Financial Industry Alert
The goal of the trillion-dollar Coronavirus Aid, Relief and Economic Security Act (CARES Act) introduced yesterday in the Senate is the quick distribution of cash to individuals, small businesses and critical economic sectors such as the airline industry, providing financial assistance to students, expediting coronavirus testing and easing shortages of medical supplies and personnel. While the bill as drafted has met with resistance from Democratic leaders, we expect a version of this bill to be enacted soon
. The CARES Act is 247 pages long and seeks to address many critical problems. We summarize below some key provisions.
Many small businesses lack the liquidity to survive prolonged periods of government-mandated closures or reductions in workforce at key operating facilities and are facing the imminent prospect of defaulting on lease and debt service obligations. The bill appropriates $300 billion to provide Small Business Administration loans to any business concern or nonprofit organization that employs no more than 500 and expands the allowable uses of SBA loans to include the payment of payroll, benefits, mortgage, rent and utility obligations arising between March 1 and December 31, 2020, along with any debt obligations that the enterprise incurred prior to March 1, 2020 (§§ 1102-1106). The maximum loan amount is $10 million. The sole eligibility requirements are that the company must have paid employees and have been in operation on March 1, 2020 (§ 1102). The bill guarantees 100% of the debt, waives application fees and provides deferral options for current SBA-loan borrowers (Id). It also proactively forgives portions of loan obligations that the enterprise utilizes to pay certain level of payroll costs during the period between March 1 and June 30, 2020, although such amounts are treated as loan forgiveness for tax purposes and are considered to be defaults for purposes of loan guarantee redemptions (§ 1105).
While the CARES Act bill funds small business development in order to help borrowers access funds (§§ 1103, 1104), it remains to be seen whether the loan application and approval process will be quick or prone to delays.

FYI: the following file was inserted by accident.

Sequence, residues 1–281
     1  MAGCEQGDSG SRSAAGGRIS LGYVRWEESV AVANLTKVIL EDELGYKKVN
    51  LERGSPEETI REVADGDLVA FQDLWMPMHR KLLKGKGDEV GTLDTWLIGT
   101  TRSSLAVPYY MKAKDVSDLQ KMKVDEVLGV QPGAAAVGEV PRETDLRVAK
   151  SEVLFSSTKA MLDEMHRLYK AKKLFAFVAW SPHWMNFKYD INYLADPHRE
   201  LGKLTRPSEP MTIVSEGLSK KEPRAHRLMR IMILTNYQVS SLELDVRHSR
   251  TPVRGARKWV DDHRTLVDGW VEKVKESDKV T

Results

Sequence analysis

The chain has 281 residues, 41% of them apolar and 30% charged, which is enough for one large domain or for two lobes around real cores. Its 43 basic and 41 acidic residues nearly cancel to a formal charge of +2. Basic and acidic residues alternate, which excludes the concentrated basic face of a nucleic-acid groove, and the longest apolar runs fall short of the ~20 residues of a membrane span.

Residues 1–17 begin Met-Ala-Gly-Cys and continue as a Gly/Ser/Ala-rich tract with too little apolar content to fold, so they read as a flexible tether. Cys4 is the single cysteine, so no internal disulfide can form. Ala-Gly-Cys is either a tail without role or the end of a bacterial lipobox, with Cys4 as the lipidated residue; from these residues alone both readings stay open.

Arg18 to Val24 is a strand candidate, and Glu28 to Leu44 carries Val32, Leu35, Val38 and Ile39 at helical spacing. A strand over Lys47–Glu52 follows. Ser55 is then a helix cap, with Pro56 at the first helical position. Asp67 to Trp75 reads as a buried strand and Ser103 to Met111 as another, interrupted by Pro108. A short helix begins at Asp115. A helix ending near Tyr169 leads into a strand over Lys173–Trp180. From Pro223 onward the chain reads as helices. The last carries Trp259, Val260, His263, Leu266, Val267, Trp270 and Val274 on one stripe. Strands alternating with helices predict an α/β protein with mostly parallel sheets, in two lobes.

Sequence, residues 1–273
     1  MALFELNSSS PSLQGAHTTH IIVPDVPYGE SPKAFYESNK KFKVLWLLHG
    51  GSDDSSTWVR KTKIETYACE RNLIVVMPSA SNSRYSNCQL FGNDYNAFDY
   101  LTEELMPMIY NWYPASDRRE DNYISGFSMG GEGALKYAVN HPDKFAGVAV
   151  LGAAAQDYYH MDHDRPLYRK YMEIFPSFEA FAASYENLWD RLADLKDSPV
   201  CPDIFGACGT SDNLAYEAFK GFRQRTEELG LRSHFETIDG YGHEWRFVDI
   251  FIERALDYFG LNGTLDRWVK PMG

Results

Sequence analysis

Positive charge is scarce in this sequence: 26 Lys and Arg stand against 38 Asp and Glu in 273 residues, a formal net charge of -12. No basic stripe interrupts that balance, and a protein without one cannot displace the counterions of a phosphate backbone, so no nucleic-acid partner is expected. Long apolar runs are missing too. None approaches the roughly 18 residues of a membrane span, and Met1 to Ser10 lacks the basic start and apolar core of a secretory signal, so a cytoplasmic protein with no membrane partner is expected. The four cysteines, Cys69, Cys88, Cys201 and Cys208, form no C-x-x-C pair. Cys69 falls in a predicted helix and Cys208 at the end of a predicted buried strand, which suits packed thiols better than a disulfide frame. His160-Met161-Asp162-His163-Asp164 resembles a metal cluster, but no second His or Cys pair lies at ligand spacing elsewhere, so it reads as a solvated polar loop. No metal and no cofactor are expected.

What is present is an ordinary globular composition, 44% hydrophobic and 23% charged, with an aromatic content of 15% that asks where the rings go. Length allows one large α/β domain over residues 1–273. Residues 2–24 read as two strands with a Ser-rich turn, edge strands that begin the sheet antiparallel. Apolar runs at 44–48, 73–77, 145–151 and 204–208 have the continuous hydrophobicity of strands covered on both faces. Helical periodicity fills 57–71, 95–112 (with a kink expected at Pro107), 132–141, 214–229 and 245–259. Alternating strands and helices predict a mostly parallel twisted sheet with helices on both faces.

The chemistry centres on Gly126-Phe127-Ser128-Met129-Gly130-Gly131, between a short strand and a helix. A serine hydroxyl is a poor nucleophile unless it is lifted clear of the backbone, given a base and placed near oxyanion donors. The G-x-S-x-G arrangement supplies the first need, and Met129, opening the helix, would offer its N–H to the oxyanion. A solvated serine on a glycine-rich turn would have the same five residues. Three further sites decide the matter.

The CARES Act bill provides businesses with temporary tax relief intended to increase their resilience to economic turmoil. These provisions, which are not limited to small businesses, may be subjected to further legislative negotiations between the Senate and the House of Representatives. In broad strokes, the bill delays the corporate tax payment deadline until October 15, 2020; defers the payment of payroll taxes incurred during the period between the bill’s enactment and January 1, 2021 with 50% due on December 31, 2021 and 50% due on December 31, 2022; removes income limitations on carry-forwards and carry-backs for losses arising in 2018, 2019 and 2020; removes limits on certain tax credits; and makes technical changes intended to ease businesses’ tax burdens (§ 2201-2209). The bill’s business tax relief provisions will mitigate some of the immediate effects of coronavirus-related business losses, which could increase lenders’ willingness to restructure loan covenants that risk triggering defaults and encourage suppliers and partners to continue to maintain business relationships. As analysts still are working to understand which sectors are most exposed to coronavirus risk, we expect additional, more specifically-tailored tax relief to follow.
One industry-specific form of relief provided in the bill is loan and loan-guarantee assistance to airlines, authorizing the Secretary of the Treasury to make $50 billion in secured loans and loan guarantees to passenger airlines, and $8 billion in secured loans and loan guarantees to cargo airlines (§ 3102). It also suspends excise tax liabilities for jet fuel and payments for air transportation for the period between the bill’s enactment and January 1, 2021 (§ 3201). What may be more noteworthy is that the bill also authorizes the Secretary to make $150 billion in secured loans and loan guarantees to other “eligible businesses” for which credit is otherwise unavailable and the intended obligation is “prudently incurred” (§ 3102). For loans to airlines and these other eligible businesses, the Secretary has discretion to set loan rates after considering market rates and is directed to “ensure that the Federal Government is compensated for the risk assumed in making loans and loan guarantees” (§§ 3102(c)(2), (d)(1)).